Woman sentenced to three years in prison for operating meth labs in Wooster

An Akron woman who was found operating meth labs in the city with her boyfriend at the time was sentenced to three years in prison Wednesday.

Melissa Luangkhoth, 22, of 986 Mohawk Trail, was sentenced on one count of illegal possession or assembly of chemicals for the manufacture of drugs, a third-degree felony, in Wayne County Common Pleas Court.

"I'll admit that I needed this to open my eyes," Luangkhoth said to Judge Corey Spitler in a letter she wrote and read during her sentencing, which noted she has a drug problem. "I don't want to be one of those people constantly in and out of jail," and wants to be a better mother to her young daughter.

As part of the plea agreement, Luangkhoth will be eligible for judicial release after one year.

The charges stem from her arrest March 16 in Wooster when a meth lab was discovered in a hotel room in the 900 block of Timken Road and led to an evacuation of other guests at the hotel.

Luangkhoth was found with her boyfriend at the time, Brandon Painter, 33, also of 986 Mohawk Trail, Akron.

He accepted a plea deal on meth-related charges and was sentenced to five years in prison June 9. He pleaded guilty to aggravated possession of drugs and illegal possession or assembly of chemicals for the manufacture of drugs.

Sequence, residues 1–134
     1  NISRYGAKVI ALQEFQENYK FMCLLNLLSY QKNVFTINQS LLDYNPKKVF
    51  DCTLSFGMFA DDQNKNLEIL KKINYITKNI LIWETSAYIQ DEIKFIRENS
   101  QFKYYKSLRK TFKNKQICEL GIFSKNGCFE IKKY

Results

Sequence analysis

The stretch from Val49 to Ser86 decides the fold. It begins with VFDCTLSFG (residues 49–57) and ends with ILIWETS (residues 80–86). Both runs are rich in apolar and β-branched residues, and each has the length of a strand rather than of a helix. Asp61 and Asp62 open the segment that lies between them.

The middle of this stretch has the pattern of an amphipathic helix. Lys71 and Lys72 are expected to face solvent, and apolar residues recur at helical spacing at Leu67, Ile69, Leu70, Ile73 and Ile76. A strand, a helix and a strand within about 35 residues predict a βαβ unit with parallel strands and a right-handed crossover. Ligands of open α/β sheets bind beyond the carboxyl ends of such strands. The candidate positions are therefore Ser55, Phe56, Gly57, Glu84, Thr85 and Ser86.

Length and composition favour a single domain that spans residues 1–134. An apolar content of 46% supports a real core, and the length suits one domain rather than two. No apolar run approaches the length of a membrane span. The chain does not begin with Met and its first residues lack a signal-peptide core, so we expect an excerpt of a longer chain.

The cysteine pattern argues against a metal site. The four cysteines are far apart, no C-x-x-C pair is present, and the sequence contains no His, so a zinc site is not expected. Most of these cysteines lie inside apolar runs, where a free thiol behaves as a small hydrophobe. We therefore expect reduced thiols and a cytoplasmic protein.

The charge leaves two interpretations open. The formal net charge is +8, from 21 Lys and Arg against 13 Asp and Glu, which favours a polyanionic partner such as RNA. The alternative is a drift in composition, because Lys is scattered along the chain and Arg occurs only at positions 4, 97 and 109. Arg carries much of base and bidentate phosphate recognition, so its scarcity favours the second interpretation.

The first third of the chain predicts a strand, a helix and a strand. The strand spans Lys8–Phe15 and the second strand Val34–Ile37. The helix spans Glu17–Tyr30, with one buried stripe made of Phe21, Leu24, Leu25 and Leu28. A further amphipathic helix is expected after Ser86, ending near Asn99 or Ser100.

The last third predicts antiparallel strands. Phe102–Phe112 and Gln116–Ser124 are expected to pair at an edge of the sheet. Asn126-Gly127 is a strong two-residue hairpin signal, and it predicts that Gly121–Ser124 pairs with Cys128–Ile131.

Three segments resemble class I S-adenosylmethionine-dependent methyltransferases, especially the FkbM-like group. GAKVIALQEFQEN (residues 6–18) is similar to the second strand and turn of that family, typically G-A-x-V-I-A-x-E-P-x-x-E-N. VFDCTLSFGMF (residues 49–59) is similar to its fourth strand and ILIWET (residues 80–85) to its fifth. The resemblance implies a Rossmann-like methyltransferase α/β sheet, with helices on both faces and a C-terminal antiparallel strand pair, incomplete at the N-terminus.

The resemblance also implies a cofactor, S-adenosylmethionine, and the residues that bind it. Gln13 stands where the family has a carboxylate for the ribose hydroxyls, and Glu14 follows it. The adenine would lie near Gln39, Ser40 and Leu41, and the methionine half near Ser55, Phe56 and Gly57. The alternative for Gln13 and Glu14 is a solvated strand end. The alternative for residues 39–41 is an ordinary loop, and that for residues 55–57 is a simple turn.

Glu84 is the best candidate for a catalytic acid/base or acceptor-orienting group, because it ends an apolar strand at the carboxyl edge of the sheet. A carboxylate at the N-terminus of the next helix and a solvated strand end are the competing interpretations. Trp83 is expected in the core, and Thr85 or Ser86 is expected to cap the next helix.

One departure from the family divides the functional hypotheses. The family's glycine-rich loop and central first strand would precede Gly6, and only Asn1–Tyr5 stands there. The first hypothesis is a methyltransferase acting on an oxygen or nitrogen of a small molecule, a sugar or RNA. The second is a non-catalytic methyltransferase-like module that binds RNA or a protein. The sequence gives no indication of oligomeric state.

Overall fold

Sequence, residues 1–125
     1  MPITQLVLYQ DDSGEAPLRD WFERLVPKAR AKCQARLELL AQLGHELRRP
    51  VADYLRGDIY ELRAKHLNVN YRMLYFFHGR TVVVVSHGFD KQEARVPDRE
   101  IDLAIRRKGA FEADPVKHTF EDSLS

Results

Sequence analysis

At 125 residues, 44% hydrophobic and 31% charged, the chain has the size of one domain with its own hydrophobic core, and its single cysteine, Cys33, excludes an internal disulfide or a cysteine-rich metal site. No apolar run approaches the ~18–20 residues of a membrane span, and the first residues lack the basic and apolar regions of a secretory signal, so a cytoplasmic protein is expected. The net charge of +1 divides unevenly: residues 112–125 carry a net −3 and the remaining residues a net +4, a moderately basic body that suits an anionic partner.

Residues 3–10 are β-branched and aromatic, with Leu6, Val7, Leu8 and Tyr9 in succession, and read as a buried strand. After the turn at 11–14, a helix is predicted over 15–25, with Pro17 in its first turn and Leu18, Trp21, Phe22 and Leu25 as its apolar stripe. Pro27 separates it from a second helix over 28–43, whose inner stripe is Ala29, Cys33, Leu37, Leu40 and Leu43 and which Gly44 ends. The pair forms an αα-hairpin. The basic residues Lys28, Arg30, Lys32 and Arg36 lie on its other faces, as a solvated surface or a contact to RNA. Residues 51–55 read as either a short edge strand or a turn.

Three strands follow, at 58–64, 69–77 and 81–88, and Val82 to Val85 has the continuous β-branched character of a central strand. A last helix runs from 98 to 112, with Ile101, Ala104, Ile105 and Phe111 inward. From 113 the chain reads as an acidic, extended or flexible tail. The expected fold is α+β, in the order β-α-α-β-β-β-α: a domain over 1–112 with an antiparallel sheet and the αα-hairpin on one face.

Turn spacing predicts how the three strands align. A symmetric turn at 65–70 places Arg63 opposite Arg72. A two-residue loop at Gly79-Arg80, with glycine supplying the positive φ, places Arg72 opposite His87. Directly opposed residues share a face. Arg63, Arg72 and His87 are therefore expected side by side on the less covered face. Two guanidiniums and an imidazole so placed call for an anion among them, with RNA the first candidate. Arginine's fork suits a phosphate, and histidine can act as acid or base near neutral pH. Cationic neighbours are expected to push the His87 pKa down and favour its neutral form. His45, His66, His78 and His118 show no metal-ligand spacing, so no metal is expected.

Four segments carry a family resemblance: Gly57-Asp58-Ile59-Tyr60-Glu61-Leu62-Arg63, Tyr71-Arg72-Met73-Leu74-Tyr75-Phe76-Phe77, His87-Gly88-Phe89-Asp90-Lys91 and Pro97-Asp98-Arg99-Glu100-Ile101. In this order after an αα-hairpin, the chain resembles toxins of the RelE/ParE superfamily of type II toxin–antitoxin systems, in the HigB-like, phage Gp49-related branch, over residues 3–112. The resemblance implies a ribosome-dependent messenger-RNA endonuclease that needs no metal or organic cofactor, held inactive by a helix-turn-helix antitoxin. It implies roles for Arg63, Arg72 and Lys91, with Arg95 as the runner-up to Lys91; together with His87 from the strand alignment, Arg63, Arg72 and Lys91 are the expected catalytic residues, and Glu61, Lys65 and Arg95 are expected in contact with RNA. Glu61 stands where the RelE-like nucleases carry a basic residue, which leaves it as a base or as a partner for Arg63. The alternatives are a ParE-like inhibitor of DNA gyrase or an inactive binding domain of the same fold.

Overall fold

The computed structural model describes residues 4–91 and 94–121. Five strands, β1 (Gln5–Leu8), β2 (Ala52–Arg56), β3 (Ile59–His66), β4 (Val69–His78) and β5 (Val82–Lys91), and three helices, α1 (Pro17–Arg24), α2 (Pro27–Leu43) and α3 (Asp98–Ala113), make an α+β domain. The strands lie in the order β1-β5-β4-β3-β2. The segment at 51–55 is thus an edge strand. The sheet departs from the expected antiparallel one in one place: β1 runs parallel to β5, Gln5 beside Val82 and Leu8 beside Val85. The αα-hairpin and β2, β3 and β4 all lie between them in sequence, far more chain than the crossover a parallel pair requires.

Don Hall, executive director for the Medway Drug Enforcement Agency, was called to the scene and dismantled the lab where they had just completed a cook.

He said it is believed the two were dumping hazardous waste from the cooking process down the toilet, such as Coleman fuel, muriatic acid and ammonium nitrate.

Hall said Painter and Luangkhoth also were cooking meth at a residence in the 800 block of Lois Avenue in Wooster where police were called earlier the same night and located meth trash, or the by-products, left after cooking the drug using the "one-pot" method, such as 2-liter plastic bottles and chemicals used to make meth.

Police were told by a person at the residence Painter and Luangkhoth were staying there until they were kicked out.

Spitler warned Luangkhoth that the only reason she is being considered for judicial release when the time comes is "because you were not the primary player in this situation."

He said part of her problem is the type of people she associates with, which he implored her to change if indeed she wants to be a good mother to her child.

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